Why Does Attic Heat Matter?

Attics are an often forgotten space – out of sight and out of mind. So, why should you care about the heat in a space you rarely go into? Just because you can’t see the problem doesn’t mean it doesn’t exist. Attic heat can can create damage and is extremely energy inefficient.

In the summer months, attic temperatures in most of the United States can soar to upwards of 150 degrees. That is hotter than most people realize. This heat begins with the sun radiating onto your roof and fills into the attic space. Then, the framing of the house absorbs the heat and transfers some of it into the living space of the home. 

Heat within your attic can be costly. In the most extreme situations, the heat can be so intense that roof shingles deteriorate and insulation degrades. Additionally, all of the items stored in the attic risk getting destroyed by heat damage.

More than anything, attic heat is not energy efficient. As the heat within the living space increases, the workload of the AC unit also increases. This heavy workload is inefficient in energy usage and therefore costly in your electricity bill. Additionally, the heat overtaxes the unit itself resulting in potential damage to the system or a decreased life expectancy.

Sun Melted Shingles
Photo of AC in attic space

Improving Your Attic Space

Picture of person installing insulation in an attic
ATMOX icon for attic and crawl space energy efficiency

Reducing attic heat is all about energy efficiency. In order to reduce attic heat, there are a few important improvements you should address in your attic.

  • Seal all cracks and openings between your living space and attic.
  • Check to make sure your attic is properly insulated.
  • Ensure effective ventilation is in place.

These three steps create an important barrier between your living and attic spaces. Consequently, this limits the the heat transfer between your attic and conditioned spaces.

There are a few things to consider as you make these improvements. According to Energy Star, homeowners often make the mistake of adding so much insulation that it covers and blocks soffit openings. You don’t want to do this! Blocked soffits prevent the outside air from blowing into the attic to create the necessary air movement. With proper ventilation, the cooler and fresher outside air blows in, and the hot air exhausts out through the highest points of the attic. Using outside air in the summer doesn’t make the air in the attic cold or even very comfortable. It’s going to be HOT! In the attic, you can’t easily feel the difference between 120 degrees and 140 degrees – you just feel way too hot. But keep in mind, that’s the same difference as 80 degrees and 100 degrees. You can certainly feel a twenty degree temperature difference there.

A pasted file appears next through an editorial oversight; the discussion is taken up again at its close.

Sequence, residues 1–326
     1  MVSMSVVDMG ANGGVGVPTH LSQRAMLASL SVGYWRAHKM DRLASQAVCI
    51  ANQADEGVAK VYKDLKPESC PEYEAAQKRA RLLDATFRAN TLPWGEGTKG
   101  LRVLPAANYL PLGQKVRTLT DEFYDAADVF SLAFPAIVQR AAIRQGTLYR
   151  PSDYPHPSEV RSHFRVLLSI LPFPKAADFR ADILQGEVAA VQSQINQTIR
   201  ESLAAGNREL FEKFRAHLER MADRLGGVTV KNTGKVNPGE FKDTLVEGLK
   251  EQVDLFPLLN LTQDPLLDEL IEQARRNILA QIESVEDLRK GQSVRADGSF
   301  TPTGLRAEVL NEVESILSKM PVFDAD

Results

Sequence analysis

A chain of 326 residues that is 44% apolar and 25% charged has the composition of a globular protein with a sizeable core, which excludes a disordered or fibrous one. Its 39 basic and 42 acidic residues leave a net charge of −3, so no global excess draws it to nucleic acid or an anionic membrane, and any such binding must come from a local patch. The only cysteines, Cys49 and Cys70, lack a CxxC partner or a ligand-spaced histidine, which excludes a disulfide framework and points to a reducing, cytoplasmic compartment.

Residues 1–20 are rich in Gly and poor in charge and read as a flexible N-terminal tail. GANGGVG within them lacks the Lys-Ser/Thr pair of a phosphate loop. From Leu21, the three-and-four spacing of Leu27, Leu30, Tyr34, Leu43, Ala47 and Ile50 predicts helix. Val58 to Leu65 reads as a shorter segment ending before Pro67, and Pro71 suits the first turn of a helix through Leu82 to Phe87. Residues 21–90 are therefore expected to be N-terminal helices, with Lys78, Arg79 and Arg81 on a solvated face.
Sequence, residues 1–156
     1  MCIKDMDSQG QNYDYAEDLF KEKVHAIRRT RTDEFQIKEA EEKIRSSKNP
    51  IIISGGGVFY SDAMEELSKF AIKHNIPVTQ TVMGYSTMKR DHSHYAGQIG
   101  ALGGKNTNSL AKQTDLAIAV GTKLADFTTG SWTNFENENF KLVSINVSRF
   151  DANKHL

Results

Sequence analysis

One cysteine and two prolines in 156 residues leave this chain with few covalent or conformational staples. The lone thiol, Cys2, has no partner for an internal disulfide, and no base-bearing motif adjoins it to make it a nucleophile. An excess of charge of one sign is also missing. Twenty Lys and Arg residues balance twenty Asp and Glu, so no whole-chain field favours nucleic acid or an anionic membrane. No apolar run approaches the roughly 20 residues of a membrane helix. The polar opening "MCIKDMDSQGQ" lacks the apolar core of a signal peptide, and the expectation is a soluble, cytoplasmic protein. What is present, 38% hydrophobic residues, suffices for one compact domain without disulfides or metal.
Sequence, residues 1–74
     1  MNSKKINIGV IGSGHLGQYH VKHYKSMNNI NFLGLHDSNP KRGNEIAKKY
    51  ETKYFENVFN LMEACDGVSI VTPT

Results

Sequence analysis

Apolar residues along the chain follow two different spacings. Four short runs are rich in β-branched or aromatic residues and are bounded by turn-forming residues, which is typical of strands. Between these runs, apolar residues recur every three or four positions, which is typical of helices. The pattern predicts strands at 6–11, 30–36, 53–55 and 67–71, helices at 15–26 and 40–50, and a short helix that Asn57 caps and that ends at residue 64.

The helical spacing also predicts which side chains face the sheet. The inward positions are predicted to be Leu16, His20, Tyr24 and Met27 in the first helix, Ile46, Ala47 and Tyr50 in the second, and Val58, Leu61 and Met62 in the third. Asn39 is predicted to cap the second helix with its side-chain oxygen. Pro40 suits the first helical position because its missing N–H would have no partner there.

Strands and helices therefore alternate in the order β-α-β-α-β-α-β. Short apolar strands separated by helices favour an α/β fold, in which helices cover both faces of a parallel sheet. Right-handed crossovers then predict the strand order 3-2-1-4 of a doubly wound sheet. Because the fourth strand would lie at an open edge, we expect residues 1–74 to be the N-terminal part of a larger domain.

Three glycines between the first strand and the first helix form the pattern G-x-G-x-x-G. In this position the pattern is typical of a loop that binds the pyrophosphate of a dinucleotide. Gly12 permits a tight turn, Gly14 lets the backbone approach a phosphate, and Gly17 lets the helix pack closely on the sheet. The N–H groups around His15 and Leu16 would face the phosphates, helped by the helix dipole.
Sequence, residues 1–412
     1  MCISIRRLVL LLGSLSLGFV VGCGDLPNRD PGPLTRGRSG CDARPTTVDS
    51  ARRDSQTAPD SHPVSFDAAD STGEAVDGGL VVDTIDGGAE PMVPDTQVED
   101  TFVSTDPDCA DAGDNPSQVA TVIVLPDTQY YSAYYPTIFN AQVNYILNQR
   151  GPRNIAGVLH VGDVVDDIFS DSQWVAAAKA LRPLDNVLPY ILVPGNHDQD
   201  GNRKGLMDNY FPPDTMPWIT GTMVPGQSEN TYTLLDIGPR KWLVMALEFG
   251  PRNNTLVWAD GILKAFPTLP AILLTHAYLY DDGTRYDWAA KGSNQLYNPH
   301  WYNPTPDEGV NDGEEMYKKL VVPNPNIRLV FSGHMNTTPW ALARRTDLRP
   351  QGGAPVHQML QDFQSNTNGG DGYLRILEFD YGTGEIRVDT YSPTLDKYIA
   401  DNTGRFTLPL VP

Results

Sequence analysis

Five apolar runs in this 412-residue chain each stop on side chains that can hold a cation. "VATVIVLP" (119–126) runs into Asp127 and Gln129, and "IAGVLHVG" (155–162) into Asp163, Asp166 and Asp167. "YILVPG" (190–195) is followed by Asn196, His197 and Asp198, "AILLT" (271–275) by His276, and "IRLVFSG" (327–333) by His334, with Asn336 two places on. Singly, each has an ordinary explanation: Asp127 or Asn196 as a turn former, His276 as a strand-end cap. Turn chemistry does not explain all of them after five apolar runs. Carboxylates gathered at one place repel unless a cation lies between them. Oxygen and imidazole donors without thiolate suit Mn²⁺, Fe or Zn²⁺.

Reducing Attic Heat with ATMOX

ATMOX ico for attic heat reduction
ATMOX attic moisture controller display

How do you reduce attic heat? The answer is simple. Exchange the air in the attic with fresh outside air when the outside air is “better”.

Attic fans create the air movement. However, the ATMOX Attic Controller knows when the air is “better.” Sensors measure temperature and humidity to bring important information to the controller. Like many attic ventilation setups, the fans will run when the inside temperature is high to reduce heat. The logic in the controller is more than just a simple on/off set point. Based on conditions, the attic fans may run longer to further cool the attic down as long as the outside air is beneficial. These additional run parameters are often in cool night time air. The ATMOX controller creates an environment where the fans can be better utilized to cool the attic without creating the risk of added humidity.

ATMOX products work together to tackle attic heat in the most energy efficient way. The controller with sensors direct operation of the fans and provide a notification tool for homeowners. The attic fans are energy efficient and quiet. Most attic setups will use less than 150 watts of power when running. (It’s about the same as two old-fashioned light bulbs). Compare that energy usage to other attic fans on the market and you will see quite a difference.

Houses have different construction styles, so the ATMOX fans have various mounting options to accommodate those differences. Ventilation can be customized to flow through a ridge vent, gable, soffit or roof deck. ATMOX fans spread out the airflow to ventilate evenly throughout the entire attic space.

The goal is to reduce excessive heat in the summer and prevent potential moisture issues in the winter. Learn more about a typical ATMOXsphere setup in your geographic area.

Learn more about other Attic Issues and Solutions: